I suppose I should talk a little bit about simple living and what it means to me before I go any further. Several years ago, I ran across some information on a movement called “Voluntary Simplicity.” I even checked out some books and leafed through them.
According to the voluntary simplicity wiki, it is defined as “a lifestyle characterized by minimizing the ‘more-is-better’ pursuit of wealth and consumption. Adherents may choose simple living for a variety of personal reasons, such as spirituality, health, increase in ‘quality time’ for family and friends, stress reduction, personal taste or frugality.”
Of course, considering the state of the economy, simplicity is not usually voluntary. There are all types of those following the simplicity movement, from those who just like the idea of it to those who scour the garbage bins behind supermarkets looking for postdated consumable castoffs. I like to think of myself as striving for somewhere in the middle, trying to find that balance between thrift and comfort. After all, who really wants to go dumpster diving behind the Piggly Wiggly?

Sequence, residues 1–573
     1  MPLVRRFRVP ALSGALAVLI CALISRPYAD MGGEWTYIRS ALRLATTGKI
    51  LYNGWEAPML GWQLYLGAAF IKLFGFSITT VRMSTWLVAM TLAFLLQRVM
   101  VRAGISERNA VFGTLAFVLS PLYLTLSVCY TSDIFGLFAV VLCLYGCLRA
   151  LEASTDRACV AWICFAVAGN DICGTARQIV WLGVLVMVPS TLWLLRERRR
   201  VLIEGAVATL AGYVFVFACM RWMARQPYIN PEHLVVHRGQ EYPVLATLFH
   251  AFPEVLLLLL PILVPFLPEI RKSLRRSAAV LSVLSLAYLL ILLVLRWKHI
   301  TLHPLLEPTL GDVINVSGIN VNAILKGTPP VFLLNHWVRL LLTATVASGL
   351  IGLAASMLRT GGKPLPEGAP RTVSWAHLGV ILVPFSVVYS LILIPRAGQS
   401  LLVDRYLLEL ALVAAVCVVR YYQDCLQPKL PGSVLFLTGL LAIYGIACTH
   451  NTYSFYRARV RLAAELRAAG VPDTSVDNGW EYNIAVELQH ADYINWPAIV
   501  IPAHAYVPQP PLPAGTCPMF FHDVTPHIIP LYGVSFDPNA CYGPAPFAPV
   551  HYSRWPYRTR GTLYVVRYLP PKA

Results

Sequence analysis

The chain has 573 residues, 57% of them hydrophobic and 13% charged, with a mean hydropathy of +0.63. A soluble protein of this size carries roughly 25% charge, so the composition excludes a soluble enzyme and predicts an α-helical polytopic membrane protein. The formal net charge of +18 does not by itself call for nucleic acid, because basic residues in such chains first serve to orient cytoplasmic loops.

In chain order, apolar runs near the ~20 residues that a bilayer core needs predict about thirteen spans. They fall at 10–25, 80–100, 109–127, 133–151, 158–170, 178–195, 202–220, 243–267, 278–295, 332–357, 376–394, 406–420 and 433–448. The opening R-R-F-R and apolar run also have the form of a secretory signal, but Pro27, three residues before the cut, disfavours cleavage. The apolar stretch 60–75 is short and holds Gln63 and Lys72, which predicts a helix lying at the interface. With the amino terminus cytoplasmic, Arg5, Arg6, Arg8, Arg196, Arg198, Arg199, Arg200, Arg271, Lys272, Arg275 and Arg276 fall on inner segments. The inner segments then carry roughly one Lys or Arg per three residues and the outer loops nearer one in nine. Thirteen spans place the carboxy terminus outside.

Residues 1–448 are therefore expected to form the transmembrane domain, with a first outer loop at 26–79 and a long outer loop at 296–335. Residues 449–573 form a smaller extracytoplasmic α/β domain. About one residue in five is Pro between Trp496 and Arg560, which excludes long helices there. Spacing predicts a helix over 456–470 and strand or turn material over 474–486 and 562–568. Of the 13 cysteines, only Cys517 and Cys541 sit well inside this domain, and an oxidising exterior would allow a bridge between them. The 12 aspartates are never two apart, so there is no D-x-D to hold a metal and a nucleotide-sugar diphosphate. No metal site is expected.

Here are some thoughts about what I think is attainable simple living:
– Clearing out life’s clutter to focus what is truly important to me
– Breaking the vicious cycle of hoarding brought forth by the Great Depression
– Helping my child(ren) simplify their lives to reduce burdens that hinder learning
– Looking forward to each new day instead of worrying about trivial things I have no control over
– Placing greater value on friendships than on material things
– Becoming debt-free, living within our means, and within a budget
– Becoming self-sustainable through gardening and farm animals (think fresh eggs)
– Being a steward of the Earth by choosing renewable resources over non-renewable resources
– By making a conscious and aggressive decision to recycle as much as I can
These are just some basic thoughts, and I will try to add to them as often as I can.